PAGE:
Jorski
04-13-2010, 10:37 AM
Here is the situation: I have a 1999 Mastercraft Maristar 210 VRS w/ LT1 motor. I went through and winterized it this past year. I pulled both port and starboard block plugs, disconnected manifold hoses on front and back of manifolds, emptied impeller housing, disconnected raw water line on both sides of trans cooler. It is hard from memory, but I remember at least 2-4 gallons of water coming out of the motor. I did all of this while the boat was sitting level in my storage unit (uncovered.) I did not fog the motor. I did not put antifreeze in the motor. I did not button the motor back up. I closed the hatch, put all the spare parts into a Ziploc bag and the boat was left in this condition for 6 mos.

Did you remember to remove the knock sensor on the driver's side? It is the lowest drain on an LT1 on that side of the block. One other possibility, I have had scale, rust and lake debris completely block one of the drain holes before. It took scratching around with an awl to free the debris so that the block would drain properly.

JimN
04-13-2010, 10:38 AM
OK, I will get a good photo of oil in present state, drain and replace, fire back up, and repost with pics of second batch of oil. I will not be able to get home until a bit later today. I can't thank everyone enough for the input. I was thinking of using some 10W-40 to do these tests with. anyone see a problem with that?

You won't be running it hard- the viscosity won't matter much. You're trying to eliminate the water, not get maximum performance.

Just as a general hint, is it like coffee with a lot of cream or just a splash? If it's just a splash, knowing that you're in the SE, where it can be very humid and you can have a lot of temperature inversions over the winter, this could be from condensation. If it's light, like a milk shake, it's not good. Still, it could be nothing worse than a bad intake or head gasket. The most expensive part of this will be the tear-down, cleaning/testing and reassembly. I would recommend having the block magna-fluxed and the heads pressure tested for cracks. DO NOT reuse the head bolts.

AUFan
04-13-2010, 10:49 AM
crap...it's coffee with a lot of cream...

AUFan
04-13-2010, 10:51 AM
Did you remember to remove the knock sensor on the driver's side? It is the lowest drain on an LT1 on that side of the block. One other possibility, I have had scale, rust and lake debris completely block one of the drain holes before. It took scratching around with an awl to free the debris so that the block would drain properly.

yes, i completely removed the knock sensor. I don't remember any blockages when i pulled the block plugs. The water flowed freely.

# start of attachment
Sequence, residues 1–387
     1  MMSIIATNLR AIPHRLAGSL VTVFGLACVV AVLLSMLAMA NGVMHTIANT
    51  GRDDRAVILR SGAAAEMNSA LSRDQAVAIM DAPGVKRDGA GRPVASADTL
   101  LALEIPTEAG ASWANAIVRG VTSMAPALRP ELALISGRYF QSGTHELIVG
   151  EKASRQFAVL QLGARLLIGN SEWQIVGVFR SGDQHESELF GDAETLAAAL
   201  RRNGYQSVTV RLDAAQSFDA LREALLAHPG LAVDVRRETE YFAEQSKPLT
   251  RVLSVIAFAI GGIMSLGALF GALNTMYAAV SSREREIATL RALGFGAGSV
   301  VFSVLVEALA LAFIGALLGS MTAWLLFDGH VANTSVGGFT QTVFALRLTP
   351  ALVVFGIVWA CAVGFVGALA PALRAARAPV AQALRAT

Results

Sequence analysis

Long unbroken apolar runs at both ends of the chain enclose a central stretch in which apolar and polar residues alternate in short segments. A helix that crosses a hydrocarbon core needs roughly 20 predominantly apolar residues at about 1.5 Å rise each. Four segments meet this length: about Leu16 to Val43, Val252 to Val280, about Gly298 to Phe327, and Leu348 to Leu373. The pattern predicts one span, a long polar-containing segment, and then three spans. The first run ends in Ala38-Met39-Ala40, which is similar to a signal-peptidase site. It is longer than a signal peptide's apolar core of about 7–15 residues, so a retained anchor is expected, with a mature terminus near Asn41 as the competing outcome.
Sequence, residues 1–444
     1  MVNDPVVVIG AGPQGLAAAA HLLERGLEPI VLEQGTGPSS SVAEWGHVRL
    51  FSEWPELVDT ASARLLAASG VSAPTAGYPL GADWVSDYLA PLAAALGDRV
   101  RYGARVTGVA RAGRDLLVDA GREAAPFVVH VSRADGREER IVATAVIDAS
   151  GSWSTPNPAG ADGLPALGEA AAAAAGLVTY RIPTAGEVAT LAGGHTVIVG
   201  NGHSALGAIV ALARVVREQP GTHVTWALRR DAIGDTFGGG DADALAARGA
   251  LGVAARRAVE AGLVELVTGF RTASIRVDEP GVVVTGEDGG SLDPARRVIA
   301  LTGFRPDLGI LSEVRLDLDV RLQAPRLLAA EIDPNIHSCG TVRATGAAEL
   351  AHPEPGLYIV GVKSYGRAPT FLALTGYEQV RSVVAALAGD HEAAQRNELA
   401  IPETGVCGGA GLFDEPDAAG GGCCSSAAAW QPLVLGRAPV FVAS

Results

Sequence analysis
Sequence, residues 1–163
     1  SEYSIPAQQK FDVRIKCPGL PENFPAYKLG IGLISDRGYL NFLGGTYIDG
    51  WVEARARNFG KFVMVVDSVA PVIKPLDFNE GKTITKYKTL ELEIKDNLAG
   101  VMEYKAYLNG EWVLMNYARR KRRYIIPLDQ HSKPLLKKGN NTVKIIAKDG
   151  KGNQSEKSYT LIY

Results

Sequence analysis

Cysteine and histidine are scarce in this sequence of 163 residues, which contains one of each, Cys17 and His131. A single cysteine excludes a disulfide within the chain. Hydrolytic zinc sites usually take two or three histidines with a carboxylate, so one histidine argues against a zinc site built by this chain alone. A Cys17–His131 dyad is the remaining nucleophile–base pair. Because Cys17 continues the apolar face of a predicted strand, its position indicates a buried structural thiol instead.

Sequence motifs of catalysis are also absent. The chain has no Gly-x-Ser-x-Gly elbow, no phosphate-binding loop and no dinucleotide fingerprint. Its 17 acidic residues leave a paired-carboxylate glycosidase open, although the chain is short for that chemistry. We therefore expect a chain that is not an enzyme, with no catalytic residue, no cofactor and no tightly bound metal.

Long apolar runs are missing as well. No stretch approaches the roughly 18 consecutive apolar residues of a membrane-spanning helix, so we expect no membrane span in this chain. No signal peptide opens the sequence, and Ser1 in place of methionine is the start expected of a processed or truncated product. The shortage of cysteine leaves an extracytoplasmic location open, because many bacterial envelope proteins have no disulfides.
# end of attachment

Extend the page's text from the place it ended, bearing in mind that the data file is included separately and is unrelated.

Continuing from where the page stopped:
AUFan
04-13-2010, 11:01 AM
DO NOT reuse the head bolts.

Oh yeah... made that mistake on a car motor ONCE.

CantRepeat
04-13-2010, 11:02 AM
crap...it's coffee with a lot of cream...

Well, when you change the oil and run the motor again get down next to the motor and look for water come out from just below heads on the block and around where the heads bolt on.

Hopefully it's nothing or at worse a blown head gasket and not a block.

Sorry to hear about your troubles, good luck.

JimN
04-13-2010, 12:03 PM
crap...it's coffee with a lot of cream...

Pull your spark plugs and look for the same stuff. If you see any, it's likely that you have a bad head gasket. Not a good thing, but if that's the cause, it's not the worst.

Do a compression test. Put something on the carpet and gunwales to avoid staining and crank it with the key with the plugs out- you may see some stuff come out of the spark plug holes.

Thrall
04-13-2010, 03:08 PM
If your old oil from last season had water in it like you said, at least it's not likely a winterization issue (cracked block or something like that).
Boat ran fine when you put it up in the fall I presume?
I'd do a couple more el cheapo oil changes first just to rule out some major condensation in the engine, maybe even pull the impeller and run the engine dry for a minute or 2 at a time, pay attention to the exhaust hoses and mufflers so not to cook those, but the engine will be fine running a couple minutes at a time starting cold. Start, run for a min, let it cool for a while, restart, etc. If the oil comes out clean like this, you have problems elsewhere, been discussed. If it's a blown intake manifold gasket or head gasket, the cyl that it's leaking into should be apparent by comparing sparkplugs. Compression/leakdown test would tell you the same.
I think it's unlikely that the block cracked since you siad everything drained out in the fall.
Good luck

Kyle
04-13-2010, 03:57 PM
Inspect your plugs and see if there is a noticable bad cylinder as mentioned above. Turning engine over without plugs to see if you get junk flying out of the plug hole is a good idea too. I bet the removal of the plulgs will give you a good start.

I winterize the same way that you do and I have never had a problem. I winterize my boat several time bc I use mine in the winter. I also winterize about 6 other boats the same way as you have done and have never had any problems.